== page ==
DOH appealed this injunction. On appeal, Florida’s First District Court of Appeal agreed that the new legislation was unconstitutional and that DOH should be prohibited from enforcing those unconstitutional provisions. Specifically, the Court found that:

Section 381.986(8)(e) thus creates a vertically integrated business model which amends the constitutional definition of MMTC by requiring an entity to undertake several of the activities described in the amendment before the Department can license it. Under the statute, an entity must conform to a more restricted definition than is provided in the amendment; therefore, all MMTCs under the statute would qualify as MMTCs under the constitutional amendment, but the reverse is not true.

We thus find the statutory language directly conflicts with the constitutional amendment, and appellee has demonstrated a substantial likelihood of success in procuring a judgment declaring section 381.986(8)(e) unconstitutional.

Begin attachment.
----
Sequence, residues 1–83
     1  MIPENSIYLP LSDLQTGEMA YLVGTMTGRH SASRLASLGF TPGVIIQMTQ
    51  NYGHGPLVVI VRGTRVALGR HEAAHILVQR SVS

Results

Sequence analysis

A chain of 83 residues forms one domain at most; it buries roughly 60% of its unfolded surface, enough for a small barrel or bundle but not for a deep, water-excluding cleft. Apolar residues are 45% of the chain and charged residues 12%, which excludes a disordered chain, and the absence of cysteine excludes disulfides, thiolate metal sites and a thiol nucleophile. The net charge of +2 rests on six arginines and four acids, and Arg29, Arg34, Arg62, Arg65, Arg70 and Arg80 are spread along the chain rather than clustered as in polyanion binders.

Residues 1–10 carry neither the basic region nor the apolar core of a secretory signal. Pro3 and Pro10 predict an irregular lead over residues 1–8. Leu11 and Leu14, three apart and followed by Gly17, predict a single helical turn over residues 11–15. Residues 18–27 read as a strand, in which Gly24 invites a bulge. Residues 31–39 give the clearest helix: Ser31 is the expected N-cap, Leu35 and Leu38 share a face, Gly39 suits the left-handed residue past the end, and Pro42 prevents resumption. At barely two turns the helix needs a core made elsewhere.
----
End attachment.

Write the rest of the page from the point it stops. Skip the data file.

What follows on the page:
Florida Dep’t of Health v. Florigrown, LLC, 44 Fla. L. Weekly D1744 (Fla. 1st DCA July 9, 2019), review granted, SC19-1464, 2019 WL 5208142 (Fla. Oct. 16, 2019) (emphasis added).

Further, the appeal court certified the following question as one of great public importance to the Florida Supreme Court:

Whether the plaintiffs have demonstrated a substantial likelihood of success on the merits of their claims that the statutory requirements of vertical integration and caps on the number of medical marijuana treatment center licenses as set forth in section 381.986(8), Florida Statutes, are in direct conflict with article X, section 29, of the Florida Constitution?

Florida Dep’t of Health v. Florigrown, LLC, 44 Fla. L. Weekly D2182 (Fla. 1st DCA Aug. 27, 2019).